After Frederic Laloux: Reinventing Information Organizations

“Something is broken in today’s organizations…The pain we feel is the pain of something old that is dying…while something new is waiting to be born.”

Frederic Laloux, Reinventing Organizations

So much of organizational life is onerous and frustrating these days. For many of us, the day job is characterised by aggravation and a sense of soullessness: a “cold, mechanical approach” which trades agency and responsibility for box-checking accountability and loss of control.

Reinventing Organizations: A Guide to Creating Organizations ...

That’s what Frederic Laloux argues in his 2014 book Reinventing Organizations, which explores alternative models for those institutions and businesses willing to dissolve hierarchies and pursue new management paradigms.

Laloux’s case studies include the Dutch healthcare organization Buurtzorg, which delivers community care in leaderless self-organizing teams of ten to twelve nurses, and FAVI, a French automotive supplier which has divided itself into self-managing “mini-factories” whose teams operate without executive management. These businesses and institutions, Laloux argues, resemble living systems more than the organisations of old. They are evolving beyond previous, rigid ways of bringing people together to achieve a goal: the army, the university, the corporation…even the organized crime syndicate.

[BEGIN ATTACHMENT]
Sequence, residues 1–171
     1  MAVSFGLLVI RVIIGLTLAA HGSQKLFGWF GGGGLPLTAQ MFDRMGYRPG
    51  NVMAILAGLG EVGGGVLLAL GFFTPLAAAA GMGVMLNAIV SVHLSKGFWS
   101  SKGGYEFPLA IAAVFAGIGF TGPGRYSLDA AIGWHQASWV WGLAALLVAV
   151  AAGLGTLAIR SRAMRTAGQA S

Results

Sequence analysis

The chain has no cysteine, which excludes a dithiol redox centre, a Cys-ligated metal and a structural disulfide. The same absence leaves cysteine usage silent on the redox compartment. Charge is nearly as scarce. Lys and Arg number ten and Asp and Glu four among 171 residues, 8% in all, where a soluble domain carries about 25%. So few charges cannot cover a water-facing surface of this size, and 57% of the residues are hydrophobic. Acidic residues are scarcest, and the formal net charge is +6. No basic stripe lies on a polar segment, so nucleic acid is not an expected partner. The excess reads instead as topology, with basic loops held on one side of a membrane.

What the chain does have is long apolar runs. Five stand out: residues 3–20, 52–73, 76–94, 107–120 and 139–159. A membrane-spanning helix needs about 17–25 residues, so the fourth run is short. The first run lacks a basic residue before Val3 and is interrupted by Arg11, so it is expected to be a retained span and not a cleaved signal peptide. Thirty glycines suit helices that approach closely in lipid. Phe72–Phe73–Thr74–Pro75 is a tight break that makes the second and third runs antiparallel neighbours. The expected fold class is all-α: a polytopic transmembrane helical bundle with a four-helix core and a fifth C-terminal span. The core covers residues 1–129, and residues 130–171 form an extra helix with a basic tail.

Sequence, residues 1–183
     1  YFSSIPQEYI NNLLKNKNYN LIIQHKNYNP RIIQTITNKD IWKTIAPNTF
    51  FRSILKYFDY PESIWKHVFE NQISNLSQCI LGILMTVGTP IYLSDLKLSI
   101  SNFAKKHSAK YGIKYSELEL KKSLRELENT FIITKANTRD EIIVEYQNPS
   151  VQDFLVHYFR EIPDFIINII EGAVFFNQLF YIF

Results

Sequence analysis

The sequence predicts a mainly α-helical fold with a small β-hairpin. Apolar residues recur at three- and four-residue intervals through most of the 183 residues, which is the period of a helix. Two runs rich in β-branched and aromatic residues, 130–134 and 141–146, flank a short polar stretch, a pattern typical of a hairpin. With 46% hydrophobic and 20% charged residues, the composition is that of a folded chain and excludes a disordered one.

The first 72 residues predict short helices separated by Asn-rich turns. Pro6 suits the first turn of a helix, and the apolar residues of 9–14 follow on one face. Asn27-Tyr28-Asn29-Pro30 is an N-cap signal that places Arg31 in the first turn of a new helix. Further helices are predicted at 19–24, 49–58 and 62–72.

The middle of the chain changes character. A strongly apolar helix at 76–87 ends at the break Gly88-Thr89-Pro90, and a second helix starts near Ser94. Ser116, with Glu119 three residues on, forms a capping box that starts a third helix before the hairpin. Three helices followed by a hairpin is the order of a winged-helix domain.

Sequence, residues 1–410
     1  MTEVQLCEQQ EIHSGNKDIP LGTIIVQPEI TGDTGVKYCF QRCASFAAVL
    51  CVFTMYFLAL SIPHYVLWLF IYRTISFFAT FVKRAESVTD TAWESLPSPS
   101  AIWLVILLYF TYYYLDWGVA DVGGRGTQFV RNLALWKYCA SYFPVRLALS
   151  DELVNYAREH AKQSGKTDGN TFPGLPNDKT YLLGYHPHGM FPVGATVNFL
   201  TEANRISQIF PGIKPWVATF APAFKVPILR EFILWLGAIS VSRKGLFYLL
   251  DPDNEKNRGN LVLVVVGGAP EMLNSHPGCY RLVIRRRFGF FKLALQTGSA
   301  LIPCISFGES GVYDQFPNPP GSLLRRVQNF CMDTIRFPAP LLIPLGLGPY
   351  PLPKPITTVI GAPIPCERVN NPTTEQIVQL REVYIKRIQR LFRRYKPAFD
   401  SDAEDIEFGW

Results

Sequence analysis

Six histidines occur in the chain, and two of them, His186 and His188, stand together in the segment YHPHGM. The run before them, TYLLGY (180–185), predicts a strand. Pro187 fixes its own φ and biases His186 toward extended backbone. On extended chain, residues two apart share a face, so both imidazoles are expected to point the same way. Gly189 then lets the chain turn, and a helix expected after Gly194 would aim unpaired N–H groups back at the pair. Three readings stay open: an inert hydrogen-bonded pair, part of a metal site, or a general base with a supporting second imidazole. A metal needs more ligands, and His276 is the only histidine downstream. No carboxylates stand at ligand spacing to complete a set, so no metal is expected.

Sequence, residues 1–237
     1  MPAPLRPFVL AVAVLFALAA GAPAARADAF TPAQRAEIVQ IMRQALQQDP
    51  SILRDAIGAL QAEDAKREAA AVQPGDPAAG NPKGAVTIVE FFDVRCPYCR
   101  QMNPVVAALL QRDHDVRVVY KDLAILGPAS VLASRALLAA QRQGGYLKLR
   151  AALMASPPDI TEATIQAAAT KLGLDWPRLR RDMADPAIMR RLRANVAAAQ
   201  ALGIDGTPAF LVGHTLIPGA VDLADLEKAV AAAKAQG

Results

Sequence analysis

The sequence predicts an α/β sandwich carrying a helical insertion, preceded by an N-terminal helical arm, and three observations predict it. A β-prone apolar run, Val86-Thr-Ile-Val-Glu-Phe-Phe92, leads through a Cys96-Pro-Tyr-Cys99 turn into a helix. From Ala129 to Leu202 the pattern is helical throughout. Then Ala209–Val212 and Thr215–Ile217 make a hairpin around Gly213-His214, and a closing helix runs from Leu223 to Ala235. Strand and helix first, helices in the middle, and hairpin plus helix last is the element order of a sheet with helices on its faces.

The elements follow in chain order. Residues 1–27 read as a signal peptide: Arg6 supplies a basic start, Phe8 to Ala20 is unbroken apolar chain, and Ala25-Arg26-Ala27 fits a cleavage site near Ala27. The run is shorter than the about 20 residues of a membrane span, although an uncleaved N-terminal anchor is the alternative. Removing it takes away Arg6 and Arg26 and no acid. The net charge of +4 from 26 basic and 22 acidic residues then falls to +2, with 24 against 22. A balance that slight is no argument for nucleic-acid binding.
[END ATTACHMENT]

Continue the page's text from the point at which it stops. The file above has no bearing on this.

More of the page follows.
Laloux presents a practical vision for a world where “no one is the boss of anyone else”, and our organizations begin to take on an organic character.

The approach is intended to work across many sectors, with examples including highly regulated industries such as the energy industry and food processing. I thought I’d spend some time thinking about what it would mean for information organisations – archives, libraries, and other entities which create, store, share, and manage information – to explore Laloux’s approach. What would it take for us to reinvent the Information Organization? Read more

Interview with The Writing Platform

I think one of the hard things about trying something new is figuring out how to work with people’s expectations. When you click that link, do you want to be told a good story? Do you want to be given a good puzzle, with the satisfaction of finding the “right” solution? How much effort should you be expected to put in? How much uncertainty should you experience?

I spoke with Simon Groth of The Writing Platform about my most recent interactive text, The Library of Last Resort.

Windblade toy on the planning wall at State Library of Queensland

We talked about strategy and foresight, audience and agency, libraries and information (inevitably), and also learning from the wonder, freedom, and richness of children’s play.

It was a good chat. Check it out over at the Writing Platform website.

Fight, Flight, and Futures Thinking: Getting Control of Organizational Panic

“The body’s reaction under critical incident stress has almost nothing to do with how you think rationally. Instead it has almost everything to do with ingrained responses, be they trained ones or instinctive ones. The amygdala will choose. It has the chemical authority to override your conscious thoughts and decisions. It also has the chemical authority to enforce its decision despite your conscious will.”